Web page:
Natural Foods Merchandiser

FTC, FDA Crack Down on Coral Calcium Claims

In mid-June, the Federal Trade Commission and the Food and Drug Administration filed a lawsuit against the makers and marketers of Coral Calcium Supreme for making false claims that the supplement can treat or cure serious diseases, including cancer, heart disease and multiple sclerosis. The FTC alleged that these claims violate the FTC Act, which says that advertising must be truthful, not misleading, and that claims must be substantiated.

The FTC said there is no scientific evidence that calcium offers such health benefits. "Calcium is good stuff. It builds strong bones, but it doesn't cure cancer," said Howard Beales, director of the FTC's Bureau of Consumer Protection.

The defendants named in the suit—Robert Barefoot, Kevin Trudeau, Shop America USA LLC and Deonna Enterprises Inc.—market Coral Calcium Supreme on the Internet and in one of the most broadcast infomercials on television. The FTC requested a temporary restraining order from the federal district court to stop the airing of the ads and to freeze Barefoot and Trudeau's assets. The FTC wants to reimburse consumers who purchased the product.

The sales of coral calcium supplements, which are priced higher than other calcium supplements, totaled $8.1 million for the first 24 weeks ending April 19, 2003, according to San Francisco-based market researcher SPINS and ACNielsen.

As part of the crackdown on coral calcium marketers, the FTC and FDA also sent warning letters to 18 Internet coral calcium companies touting unsubstantiated health benefits. The FTC asked the Web site operators to remove such claims immediately.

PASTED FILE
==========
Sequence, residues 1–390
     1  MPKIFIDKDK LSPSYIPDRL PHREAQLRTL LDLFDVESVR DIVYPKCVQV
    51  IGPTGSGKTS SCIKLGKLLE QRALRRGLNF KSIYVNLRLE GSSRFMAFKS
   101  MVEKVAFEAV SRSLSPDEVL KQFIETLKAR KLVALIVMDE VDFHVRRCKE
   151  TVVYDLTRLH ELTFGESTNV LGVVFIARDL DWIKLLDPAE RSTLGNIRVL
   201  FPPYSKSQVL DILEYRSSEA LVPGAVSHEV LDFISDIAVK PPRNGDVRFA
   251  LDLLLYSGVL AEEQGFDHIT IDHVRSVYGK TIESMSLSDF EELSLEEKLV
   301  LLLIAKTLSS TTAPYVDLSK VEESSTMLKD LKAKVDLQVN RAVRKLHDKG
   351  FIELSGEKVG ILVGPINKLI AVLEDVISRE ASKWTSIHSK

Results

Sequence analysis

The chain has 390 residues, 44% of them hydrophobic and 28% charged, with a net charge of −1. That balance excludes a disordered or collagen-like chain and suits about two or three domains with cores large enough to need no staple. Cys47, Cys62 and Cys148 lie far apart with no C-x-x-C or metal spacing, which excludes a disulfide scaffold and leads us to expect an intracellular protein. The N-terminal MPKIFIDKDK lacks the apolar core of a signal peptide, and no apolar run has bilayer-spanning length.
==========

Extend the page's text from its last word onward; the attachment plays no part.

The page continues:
"We are not surprised by the recent FTC-FDA actions against marketers of coral calcium," said Don McLemore, VP of New Hope Natural Media's Standards Program. (NFM is owned by New Hope.) "As part of our ongoing Standards Program, more than 100 warning letters were sent to Natural Products Expo West 2003 exhibitors, who were in violation of New Hope's Exhibitor Standards and DSHEA for making false, misleading or unsubstantiated claims for their products. A number of the companies cited were selling coral calcium."

In mid-May, the Council for Responsible Nutrition urged the FTC and the FDA to take regulatory action against "miracle cure" ad claims being made by coral calcium marketers. "The entire industry is tarnished when irresponsible companies appear to be getting away with making illegal claims," said CRN President Annette Dickinson.

While the FTC focused on product claims, an independent product tester focused on the quality of Coral Calcium Supreme. The White Plains, N.Y.-based found that Coral Calcium Supreme contained 2.5 micrograms of lead per gram of calcium, which exceeds the state of California's no-significant-risk-level by 1 microgram and requires a warning label to be sold in California.

"We have received many questions from consumers about coral calcium," said Tod Cooperman, M.D.,'s president. "Coral calcium is not inherently better or worse than other types of calcium. But it is sadly ironic that the most advertised brand also had the most lead."

Natural Foods Merchandiser volume XXIV/number 7/p. 10

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